Remnants vs. The Woozlers

18:00, Wednesday, June 6, 2018
Fitzwilliam College

The Woozlers (134/7 in 20 6-ball overs)
defeated
Remnants (108/8 in 20 6-ball overs)
by 26 runs.

Report by Daniel Mortlock:

"It was a good toss to lose" is one of cricket's stranger cliches, but it probably held true today. The Woozlers captain, Ryan Bridger, informed us that some of their players were running a little late, implying they might need to bat first . . . but also that one of their guys would have to leave early, so they wouldn't mind fielding. It was hence all but inevitable that Ryan would call incorrectly, leaving the decision to us. There were arguments both ways, but in the end Ben Stone's desire to steam in with a new ball won the day, and so that's exactly how the game started . . .

. . . which previously has seen the ball swing past the outside edge, but today led to a boundary. The problem: the Woozlers cheated by sending out a left-handed opener. The result: even though it broadly felt like we were on top of the batsmen initially, we leaked a boundary every over, a trend which only halted when said southpaw was dismissed, by which time the Woozlers' total was 43. The successful bowler was Andy Owen (2/12) who was definitely the star turn with the ball today, although an honourable mention must also go to Alec Armstrong (2/19), who once again deceived with flight and guile. Add in Teddy Fletcher's tidy spell of 1/14, and it might seem that we were on top, which was certainly how it felt, even if the Woozlers' eventual total of 134/7 was at worst competitive.

Alec Armstrong about to either field the ball or appeal.

Faruk Kara, about to be tonked by the look of things.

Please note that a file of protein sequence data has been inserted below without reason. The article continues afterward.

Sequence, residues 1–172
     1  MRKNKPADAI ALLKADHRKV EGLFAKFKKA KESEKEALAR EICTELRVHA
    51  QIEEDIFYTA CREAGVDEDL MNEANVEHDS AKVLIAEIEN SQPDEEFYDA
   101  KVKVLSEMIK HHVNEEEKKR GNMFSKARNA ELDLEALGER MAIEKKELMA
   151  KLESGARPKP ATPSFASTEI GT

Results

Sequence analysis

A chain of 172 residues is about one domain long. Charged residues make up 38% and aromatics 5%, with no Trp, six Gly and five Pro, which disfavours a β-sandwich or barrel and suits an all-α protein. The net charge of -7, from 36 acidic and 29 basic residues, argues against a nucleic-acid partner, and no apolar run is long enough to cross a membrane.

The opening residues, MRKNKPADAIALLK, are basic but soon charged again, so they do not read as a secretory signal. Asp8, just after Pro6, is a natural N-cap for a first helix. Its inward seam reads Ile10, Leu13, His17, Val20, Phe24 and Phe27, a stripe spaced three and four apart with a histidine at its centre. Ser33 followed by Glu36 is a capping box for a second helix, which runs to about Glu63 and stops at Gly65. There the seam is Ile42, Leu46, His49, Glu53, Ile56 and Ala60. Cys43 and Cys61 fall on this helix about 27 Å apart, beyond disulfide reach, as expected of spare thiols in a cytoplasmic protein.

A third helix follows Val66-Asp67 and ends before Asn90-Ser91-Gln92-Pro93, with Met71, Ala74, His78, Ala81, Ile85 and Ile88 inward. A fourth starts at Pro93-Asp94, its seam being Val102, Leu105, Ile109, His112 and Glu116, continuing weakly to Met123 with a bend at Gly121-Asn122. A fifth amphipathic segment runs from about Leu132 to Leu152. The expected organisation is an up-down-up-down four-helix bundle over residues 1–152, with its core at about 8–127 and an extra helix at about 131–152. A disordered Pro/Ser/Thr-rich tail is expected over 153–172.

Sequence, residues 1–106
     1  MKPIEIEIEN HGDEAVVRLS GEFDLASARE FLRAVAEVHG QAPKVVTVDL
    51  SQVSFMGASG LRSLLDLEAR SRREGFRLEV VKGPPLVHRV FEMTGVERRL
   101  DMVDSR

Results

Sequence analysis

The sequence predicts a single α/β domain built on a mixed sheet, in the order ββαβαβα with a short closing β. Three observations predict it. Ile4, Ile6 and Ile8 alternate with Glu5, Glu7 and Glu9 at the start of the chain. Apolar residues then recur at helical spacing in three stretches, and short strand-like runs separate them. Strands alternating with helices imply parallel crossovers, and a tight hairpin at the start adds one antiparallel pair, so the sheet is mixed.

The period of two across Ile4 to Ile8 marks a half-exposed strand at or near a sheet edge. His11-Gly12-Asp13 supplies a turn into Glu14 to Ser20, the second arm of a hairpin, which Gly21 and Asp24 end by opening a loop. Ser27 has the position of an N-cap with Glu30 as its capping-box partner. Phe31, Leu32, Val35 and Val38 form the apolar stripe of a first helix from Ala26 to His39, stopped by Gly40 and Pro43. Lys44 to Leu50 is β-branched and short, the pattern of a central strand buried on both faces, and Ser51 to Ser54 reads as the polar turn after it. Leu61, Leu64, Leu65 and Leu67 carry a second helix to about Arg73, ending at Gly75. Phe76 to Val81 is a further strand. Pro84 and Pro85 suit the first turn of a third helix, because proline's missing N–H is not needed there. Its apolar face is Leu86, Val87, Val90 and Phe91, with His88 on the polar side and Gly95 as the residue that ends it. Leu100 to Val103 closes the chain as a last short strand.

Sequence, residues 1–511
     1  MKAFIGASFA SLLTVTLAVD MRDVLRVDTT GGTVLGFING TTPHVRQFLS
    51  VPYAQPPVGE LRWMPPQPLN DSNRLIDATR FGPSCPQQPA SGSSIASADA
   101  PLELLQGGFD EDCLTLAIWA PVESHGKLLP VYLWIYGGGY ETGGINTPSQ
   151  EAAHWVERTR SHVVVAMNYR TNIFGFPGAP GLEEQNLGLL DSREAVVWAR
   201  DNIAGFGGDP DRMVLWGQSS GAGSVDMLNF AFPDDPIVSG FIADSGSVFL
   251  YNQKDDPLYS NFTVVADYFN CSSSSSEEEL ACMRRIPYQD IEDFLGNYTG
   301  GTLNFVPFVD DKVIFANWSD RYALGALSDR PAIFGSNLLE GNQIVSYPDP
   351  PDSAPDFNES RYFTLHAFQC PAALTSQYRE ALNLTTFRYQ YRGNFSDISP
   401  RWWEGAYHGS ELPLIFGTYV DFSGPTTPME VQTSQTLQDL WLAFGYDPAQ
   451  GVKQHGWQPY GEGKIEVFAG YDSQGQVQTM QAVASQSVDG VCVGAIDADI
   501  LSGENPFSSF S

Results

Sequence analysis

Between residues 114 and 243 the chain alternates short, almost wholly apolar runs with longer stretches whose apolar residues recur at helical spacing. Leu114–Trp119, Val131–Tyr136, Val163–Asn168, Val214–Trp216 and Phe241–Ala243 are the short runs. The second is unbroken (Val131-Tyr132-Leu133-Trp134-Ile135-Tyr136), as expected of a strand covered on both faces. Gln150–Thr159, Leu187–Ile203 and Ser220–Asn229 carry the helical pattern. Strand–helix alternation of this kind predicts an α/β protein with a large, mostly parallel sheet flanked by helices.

Sadly, it rapidly became daunting as our top order failed to, er, . . . well, just failed, really. At one end wickets fell regularly, while at the other Kanwar Singh was kept surprisingly quiet, at one stage scoring just 4 runs in a 21-ball sequence. By the time we'd eked our way to 39/4 off 12 (six-ball) overs we were done.

The result of ekeing our way to 39/4 off 12 (six-ball) overs.

Even though Kanwar then accelerated to finish up with the best individual performance of the day (54 off 58 balls, to go with a catch and a run out), we'd long since been reduced to merely achieving respectibility, rather than actually competing. Teddy Fletcher (23 off 26 balls) and Ben Stone (9 off 11 balls) briefly gave us a tiny sniff of a chance - if their big hits in the penultimate over had gone between, rather than to, the deep fielders the game might still have been "live" - but in the end it was hard to argue with the eventual 26-run margin.

Kanwar Singh gets ready to smack the ball over mid-wicket.

Daniel Mortlock, Russell Woolf and Andy Owen watch the score fail to mount up.

That left us to instead argue whether it was proper to bother one of the opposition players to determine whether he really was "off the telly". Turns out he was: Richard Westcott might bowl decent medium pace in mid-week cricket, but most people know him as the BBC's erstwhile transport correspondent. Hopefully Ev Fox will be back in the UK for the return match against the Woozlers in July and so we can have an Al Jazeera vs. BBC celebrity all-star game that's live-tweeted all around the world . . .

Richard Westcott ("off the telly") and Andy Owen.